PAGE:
ICO really started booming around 2015 and 2016, raising ridiculous amounts of money, and putting traditional fundraising platforms like kickstarter to shame. Many ICOs didn’t even have proper White Papers or any working prototypes but yet managed to raise millions of dollars. I know of people who just dumped money into any ICO without even reading the White Paper, hoping the token value would go up post-ICO. There were also many youtube videos teaching people how to scam money using ICO. It was crazy.
By the time you are reading this, the ICO platform climate has changed. Many countries are starting to regulate or ban ICO and people are becoming more informed about what to look for in an ICO before investing in it. To have a successful ICO today, you really need to have a great idea and a lot of preparation. The amount of effort you put in will reflect on the result you get out of it eventually.
Step 1: White Paper
I’ve seen many White Papers that exist for the wrong reason. Many White Papers are in fact marketing papers. This is the first smell of a scam. A White Paper should describe a problem thoroughly and dedicate a large part of the paper to providing a possible workable solution. Always back up your claim of why your solution would work.
Step 2: Purpose of your Token
Decide on how you want to incentivize your contributors with the tokens issued to them. Do your maths and research into the soft and hard token cap number and their implications. Be careful of running uncapped ICOs as people are becoming more weary of it. Choose an easy-to-remember token symbol.
Step 3: Terms and Conditions
You want to do your legal background research early. Decide on your ICO terms and conditions. Decide on who can and cannot contribute. Ideally, you want a legal advisor on your team. Is the nature of your business even legal in your country? How do you intend to spend the funds raised? How is the token distributed? Does the core team intend to keep some tokens by themselves? Always keep abreast of ICO legalities in different countries.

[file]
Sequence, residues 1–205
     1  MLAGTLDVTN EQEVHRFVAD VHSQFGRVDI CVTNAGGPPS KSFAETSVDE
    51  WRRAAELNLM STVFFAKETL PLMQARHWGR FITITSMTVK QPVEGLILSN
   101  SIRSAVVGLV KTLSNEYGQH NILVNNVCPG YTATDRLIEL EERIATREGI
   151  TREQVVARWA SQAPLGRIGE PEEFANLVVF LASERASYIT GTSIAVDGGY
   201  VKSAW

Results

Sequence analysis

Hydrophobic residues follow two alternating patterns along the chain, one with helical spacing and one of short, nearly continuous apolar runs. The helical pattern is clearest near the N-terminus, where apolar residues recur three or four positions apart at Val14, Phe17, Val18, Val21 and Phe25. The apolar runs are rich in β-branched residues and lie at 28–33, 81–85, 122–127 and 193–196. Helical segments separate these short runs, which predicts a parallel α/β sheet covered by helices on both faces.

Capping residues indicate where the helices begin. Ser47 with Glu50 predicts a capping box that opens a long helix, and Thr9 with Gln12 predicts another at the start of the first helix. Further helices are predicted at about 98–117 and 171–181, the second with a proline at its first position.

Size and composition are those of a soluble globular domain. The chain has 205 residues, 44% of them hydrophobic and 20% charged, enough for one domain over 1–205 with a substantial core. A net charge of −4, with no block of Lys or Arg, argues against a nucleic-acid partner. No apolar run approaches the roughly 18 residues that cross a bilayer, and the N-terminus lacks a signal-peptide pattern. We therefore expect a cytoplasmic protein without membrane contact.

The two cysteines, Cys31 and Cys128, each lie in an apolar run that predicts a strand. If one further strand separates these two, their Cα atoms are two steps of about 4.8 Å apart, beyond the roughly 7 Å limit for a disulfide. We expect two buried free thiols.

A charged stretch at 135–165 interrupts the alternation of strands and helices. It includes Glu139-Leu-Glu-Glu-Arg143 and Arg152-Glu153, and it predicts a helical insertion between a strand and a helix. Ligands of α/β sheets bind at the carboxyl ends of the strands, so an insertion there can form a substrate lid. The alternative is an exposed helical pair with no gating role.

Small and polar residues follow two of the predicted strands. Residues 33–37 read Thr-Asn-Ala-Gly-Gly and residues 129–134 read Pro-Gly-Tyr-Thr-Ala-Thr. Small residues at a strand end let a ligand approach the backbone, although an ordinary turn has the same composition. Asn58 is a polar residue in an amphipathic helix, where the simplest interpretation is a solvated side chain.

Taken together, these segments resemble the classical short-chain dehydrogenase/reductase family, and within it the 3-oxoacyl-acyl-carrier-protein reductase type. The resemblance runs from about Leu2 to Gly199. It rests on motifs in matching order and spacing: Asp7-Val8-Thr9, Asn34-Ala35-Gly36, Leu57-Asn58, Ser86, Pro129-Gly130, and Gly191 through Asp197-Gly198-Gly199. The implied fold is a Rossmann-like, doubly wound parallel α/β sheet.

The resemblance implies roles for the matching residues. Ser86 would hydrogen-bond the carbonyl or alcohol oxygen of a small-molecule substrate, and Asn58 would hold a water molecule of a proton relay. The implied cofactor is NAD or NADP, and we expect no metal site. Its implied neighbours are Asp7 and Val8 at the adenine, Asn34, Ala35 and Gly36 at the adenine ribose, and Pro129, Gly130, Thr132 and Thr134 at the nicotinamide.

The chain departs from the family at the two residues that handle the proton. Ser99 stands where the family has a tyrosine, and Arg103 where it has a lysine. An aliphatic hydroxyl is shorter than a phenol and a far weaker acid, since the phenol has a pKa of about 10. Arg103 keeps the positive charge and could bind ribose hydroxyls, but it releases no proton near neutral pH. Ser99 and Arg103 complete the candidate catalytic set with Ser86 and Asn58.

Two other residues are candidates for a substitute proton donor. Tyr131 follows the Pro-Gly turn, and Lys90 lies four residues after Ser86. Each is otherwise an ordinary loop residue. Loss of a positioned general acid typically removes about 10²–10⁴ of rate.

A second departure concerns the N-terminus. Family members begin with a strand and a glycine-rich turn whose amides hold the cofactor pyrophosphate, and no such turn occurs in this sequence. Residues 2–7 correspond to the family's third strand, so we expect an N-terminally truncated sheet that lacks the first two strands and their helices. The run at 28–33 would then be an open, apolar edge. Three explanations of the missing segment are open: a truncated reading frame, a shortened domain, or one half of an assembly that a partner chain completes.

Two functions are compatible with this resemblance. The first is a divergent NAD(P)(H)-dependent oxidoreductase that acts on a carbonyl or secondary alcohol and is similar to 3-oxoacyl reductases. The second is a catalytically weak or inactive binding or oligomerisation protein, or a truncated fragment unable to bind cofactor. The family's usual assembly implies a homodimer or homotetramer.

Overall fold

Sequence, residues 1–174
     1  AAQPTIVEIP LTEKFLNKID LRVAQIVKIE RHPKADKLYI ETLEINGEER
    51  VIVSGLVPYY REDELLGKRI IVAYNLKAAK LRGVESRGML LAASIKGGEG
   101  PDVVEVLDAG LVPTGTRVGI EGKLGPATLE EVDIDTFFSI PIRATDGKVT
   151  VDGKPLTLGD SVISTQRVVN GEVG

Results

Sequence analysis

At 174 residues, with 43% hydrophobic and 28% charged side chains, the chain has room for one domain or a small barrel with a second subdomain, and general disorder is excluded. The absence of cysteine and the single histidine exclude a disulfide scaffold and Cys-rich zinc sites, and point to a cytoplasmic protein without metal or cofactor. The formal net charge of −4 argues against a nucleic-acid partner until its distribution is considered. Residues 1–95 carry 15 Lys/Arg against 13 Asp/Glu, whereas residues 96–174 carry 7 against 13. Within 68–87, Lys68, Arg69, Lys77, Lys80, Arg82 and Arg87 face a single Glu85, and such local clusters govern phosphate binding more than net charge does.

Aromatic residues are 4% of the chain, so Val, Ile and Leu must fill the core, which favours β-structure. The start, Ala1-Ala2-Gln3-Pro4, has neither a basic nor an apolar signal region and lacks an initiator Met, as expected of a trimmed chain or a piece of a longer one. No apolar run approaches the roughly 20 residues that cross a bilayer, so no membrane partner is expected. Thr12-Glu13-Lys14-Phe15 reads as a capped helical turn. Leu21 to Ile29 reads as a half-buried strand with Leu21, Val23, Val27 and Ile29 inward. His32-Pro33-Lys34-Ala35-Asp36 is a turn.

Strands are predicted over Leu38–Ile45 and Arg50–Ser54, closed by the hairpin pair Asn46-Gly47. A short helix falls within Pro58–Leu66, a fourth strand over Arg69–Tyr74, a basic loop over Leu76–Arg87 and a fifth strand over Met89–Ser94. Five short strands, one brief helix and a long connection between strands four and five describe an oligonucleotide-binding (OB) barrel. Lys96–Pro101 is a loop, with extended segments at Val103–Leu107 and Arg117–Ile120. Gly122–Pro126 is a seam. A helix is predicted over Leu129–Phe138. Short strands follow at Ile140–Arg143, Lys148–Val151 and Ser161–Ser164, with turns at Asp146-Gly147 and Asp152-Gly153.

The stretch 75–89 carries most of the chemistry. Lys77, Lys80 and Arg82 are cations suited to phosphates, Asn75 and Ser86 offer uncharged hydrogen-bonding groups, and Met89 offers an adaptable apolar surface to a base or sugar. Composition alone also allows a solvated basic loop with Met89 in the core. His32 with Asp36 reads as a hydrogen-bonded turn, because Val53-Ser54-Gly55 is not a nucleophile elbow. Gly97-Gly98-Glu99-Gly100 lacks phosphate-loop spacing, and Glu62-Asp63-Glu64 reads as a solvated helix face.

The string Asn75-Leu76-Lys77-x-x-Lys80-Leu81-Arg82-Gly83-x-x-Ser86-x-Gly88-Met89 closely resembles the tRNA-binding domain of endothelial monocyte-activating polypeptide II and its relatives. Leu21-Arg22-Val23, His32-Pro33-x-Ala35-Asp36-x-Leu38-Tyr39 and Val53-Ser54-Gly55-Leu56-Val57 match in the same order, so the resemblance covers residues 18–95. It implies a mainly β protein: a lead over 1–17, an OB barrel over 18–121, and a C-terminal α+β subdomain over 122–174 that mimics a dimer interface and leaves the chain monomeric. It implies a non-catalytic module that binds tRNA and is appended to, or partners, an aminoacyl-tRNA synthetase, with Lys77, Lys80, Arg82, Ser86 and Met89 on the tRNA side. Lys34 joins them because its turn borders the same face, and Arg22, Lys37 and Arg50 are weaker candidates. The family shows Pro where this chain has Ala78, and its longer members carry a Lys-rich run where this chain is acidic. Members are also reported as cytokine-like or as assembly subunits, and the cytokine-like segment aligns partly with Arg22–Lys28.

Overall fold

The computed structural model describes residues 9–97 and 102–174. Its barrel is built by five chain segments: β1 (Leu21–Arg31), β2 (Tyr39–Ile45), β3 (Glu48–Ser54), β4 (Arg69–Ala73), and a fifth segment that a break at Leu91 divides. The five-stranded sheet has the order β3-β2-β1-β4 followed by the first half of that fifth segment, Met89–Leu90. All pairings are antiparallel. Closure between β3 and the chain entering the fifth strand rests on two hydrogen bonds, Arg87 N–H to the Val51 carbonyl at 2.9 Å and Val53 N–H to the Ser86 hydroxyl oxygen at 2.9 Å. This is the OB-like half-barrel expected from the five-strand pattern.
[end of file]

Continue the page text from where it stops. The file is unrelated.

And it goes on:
Step 4: Build a Great Team
To me, this is the hardest part. How do you get people to believe in your idea — Not just normal people, but people with credibility willing to stake their reputation with your idea? These people must have verifiable LinkedIn accounts. Many ICOs started off by being overly top heavy, for example, you have the CEO, CFO, CSO, CTO, blue chip advisors…etc but no engineers! This gives people the impression that you have no ability to execute your idea. If your idea is blockchain related, you need to get blockchain experts in your team. People who know blockchain are hard to come by. Make sure you do enough networking to know the right people.
Step 5: Decide on what Token Technology to Use
With all the groundwork laid out, it’s time to choose the blockchain technology powering your token. At the time of writing, Ethereum is by far the most popular and mature platform for launching ICOs. Creating Ethereum ERC-20 Tokens is easy but implementing custom crowd sale logic around the token can take a bit of thinking. For example, you might have a discount structure based on the contribution date. You have to also consider refunding contributors if the ICO fails to reach its soft cap…etc. It’s worth noting there are also quick token solutions such as WAVES and NXT but they are not all-in-one crowd sale solutions.
Step 6: Execution Plan